• heart attack – a serious medical emergency where the supply of blood to the heart is suddenly blocked, usually by a blood clot
  • angina – chest pain that occurs when the blood supply to the heart is restricted
  • coronary heart disease – your heart muscle's blood supply is blocked or interrupted by a build-up of fatty substances in the coronary arteries (the blood vessels that supply the heart)

A coronary angiogram may also be used if you have a heart condition. It helps to determine the most appropriate type of treatment for you. This might be:

  • a coronary angioplasty and stenting – a procedure to widen blocked or narrowed coronary arteries
  • coronary artery bypass graft – a surgical procedure to divert blood around narrow or clogged arteries in order to improve the blood flow to the heart muscle
  • aortic valve replacement – surgery to treat problems that affect the aortic valve, which is the valve that controls the flow of blood out of the left ventricle of the heart to the body’s main artery, the aorta

Lungs

A pulmonary angiogram can be used to examine the blood vessels in the lungs. It's usually done when a person has a blood clot in one of the blood vessels in their lungs. This is known as a pulmonary embolism.

Performing a traditional catheter angiogram carries a high risk of complications. Therefore, another type of angiography, known as a computerised tomography pulmonary angiography (CTPA), is usually the preferred option.

A CTPA involves injecting contrast dye into the blood vessels of your lungs before taking a CT scan. If you have a pulmonary embolism in one of your lungs, it will show up on the CT scan as a blockage in your blood supply.

Arms and legs

An extremity angiogram can be used to examine the blood vessels in your arms and legs. This procedure is often used if it's thought that the blood supply to your leg muscles has become restricted. This is known as peripheral arterial disease and it causes a range of symptoms, the most common of which is painful cramping when walking.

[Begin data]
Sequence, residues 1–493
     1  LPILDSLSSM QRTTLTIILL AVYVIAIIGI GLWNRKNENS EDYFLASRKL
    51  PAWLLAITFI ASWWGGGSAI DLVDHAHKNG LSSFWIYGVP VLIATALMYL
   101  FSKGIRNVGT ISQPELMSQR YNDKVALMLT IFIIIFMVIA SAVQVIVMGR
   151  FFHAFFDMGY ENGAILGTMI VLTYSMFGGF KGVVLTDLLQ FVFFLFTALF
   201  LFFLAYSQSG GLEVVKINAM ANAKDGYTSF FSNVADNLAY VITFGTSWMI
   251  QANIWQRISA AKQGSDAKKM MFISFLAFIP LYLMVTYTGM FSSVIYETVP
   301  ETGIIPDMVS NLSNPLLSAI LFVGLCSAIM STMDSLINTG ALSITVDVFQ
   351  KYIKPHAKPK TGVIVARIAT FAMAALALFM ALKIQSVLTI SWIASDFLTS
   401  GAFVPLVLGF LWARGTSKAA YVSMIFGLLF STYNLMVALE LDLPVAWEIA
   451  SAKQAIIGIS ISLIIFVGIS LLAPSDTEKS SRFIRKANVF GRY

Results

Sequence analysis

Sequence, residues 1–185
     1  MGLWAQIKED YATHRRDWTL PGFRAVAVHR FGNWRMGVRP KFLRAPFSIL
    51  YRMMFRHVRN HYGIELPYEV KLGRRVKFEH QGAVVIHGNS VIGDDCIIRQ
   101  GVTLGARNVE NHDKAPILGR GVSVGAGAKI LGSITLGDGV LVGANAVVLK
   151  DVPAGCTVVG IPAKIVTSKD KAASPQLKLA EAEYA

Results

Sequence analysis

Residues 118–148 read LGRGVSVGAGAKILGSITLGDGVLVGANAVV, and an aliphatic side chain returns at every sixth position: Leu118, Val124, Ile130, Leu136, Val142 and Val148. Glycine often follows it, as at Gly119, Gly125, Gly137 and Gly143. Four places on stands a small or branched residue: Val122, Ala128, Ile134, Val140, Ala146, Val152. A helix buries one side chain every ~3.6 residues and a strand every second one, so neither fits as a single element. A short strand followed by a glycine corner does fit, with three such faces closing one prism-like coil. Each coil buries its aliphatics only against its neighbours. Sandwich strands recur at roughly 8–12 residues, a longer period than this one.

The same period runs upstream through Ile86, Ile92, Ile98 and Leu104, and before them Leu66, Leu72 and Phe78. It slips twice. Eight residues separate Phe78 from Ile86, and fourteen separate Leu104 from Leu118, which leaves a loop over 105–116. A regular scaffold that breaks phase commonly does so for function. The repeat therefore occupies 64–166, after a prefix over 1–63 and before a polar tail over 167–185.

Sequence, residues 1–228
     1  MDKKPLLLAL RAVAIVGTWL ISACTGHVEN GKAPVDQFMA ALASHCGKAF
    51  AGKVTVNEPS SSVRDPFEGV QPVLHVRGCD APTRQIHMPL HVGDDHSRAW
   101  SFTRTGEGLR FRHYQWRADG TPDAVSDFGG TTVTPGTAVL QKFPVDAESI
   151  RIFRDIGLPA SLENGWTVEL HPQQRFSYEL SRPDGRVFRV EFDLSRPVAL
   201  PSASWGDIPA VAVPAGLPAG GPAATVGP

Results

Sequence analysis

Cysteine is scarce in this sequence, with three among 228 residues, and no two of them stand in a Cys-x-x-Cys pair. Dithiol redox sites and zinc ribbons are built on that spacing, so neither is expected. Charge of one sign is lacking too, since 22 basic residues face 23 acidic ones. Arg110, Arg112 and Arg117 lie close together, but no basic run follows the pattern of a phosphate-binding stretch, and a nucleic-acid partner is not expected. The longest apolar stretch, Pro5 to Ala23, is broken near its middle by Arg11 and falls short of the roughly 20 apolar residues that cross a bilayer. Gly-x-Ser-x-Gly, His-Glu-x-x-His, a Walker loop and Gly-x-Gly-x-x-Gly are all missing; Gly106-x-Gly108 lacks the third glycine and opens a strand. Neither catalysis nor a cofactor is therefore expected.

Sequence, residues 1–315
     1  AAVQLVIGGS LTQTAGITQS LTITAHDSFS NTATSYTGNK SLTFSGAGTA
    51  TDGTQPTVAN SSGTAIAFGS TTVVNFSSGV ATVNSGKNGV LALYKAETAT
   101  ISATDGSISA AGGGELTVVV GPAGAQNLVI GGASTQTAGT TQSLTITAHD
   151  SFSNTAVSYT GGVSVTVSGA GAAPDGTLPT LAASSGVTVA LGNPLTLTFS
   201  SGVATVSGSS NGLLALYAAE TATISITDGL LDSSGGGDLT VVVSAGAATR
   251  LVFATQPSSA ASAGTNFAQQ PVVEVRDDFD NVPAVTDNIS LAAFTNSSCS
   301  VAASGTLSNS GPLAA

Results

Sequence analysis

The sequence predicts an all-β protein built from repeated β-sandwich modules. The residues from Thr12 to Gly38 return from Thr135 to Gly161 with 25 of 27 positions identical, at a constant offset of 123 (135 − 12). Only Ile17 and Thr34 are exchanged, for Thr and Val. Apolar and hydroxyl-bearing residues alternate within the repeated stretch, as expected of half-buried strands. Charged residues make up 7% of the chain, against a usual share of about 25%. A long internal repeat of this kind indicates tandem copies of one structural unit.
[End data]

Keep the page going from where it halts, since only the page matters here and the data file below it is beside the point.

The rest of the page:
An extremity angiogram can also be used to check for narrowing and hardening of the arteries (atherosclerosis, see below) in the arms and legs.

Kidneys

Renal angiograms can be used to examine the blood vessels in your kidneys. It may be recommended if you have symptoms, which suggest that the blood supply to your kidneys has been blocked in some way.

These symptoms include:

  • high blood pressure (hypertension) that doesn't respond to treatment with medication
  • swelling in certain areas of your body, such as your feet, due to a build-up of fluid (oedema)
  • symptoms of kidney disease, such as itchy skin and blood in your urine

Atherosclerosis

Atherosclerosis is a condition in which one or more of the arteries becomes narrowed and hardened due to a build-up of fatty materials, such as cholesterol. These types of material are collectively known as plaques.

Atherosclerosis is potentially dangerous because it can lead to organ failure and tissue death (gangrene). Plaques may also rupture causing events such as a heart attack or stroke.

During its early stage, atherosclerosis doesn't usually cause any noticeable symptoms, so the most effective method for early diagnosis is to identify people who are in high-risk groups and test them for the condition. High-risk groups for atherosclerosis include people who:

  • are over 40 years old
  • are overweight or obese
  • smoke or have a previous history of heavy smoking
  • have a high-fat diet
  • have uncontrolled high blood pressure
  • are diabetic
  • have high cholesterol
  • have a family history of cardiovascular disease
  • are from south Asian ethnic decent

An angiogram is usually only carried out if initial tests, such as blood cholesterol tests and blood pressure tests, suggest that atherosclerosis is likely and symptoms have developed.

Other uses

An angiography can also be used to:

  • locate the site of internal bleeding
  • detect blood clots
  • investigate injuries to organs
  • plan surgery that involves the blood vessels  

Why angiography is necessary

If you have problems with your circulation, your GP may recommend an angiogram to find out what's causing the problem. The results will help decide what the treatment options are.

As blood vessels supply blood to every part of your body, any part can be affected by circulation problems. The major internal organs (your heart, brain and kidneys) and the extremities (your arms and legs) are affected if the blood supply to them is changed by blockages or arterial disease (disease of the arteries).

Problems caused by serious arterial disease include:

  • strokes
  • heart attacks
  • gangrene (tissue death)
  • organ failure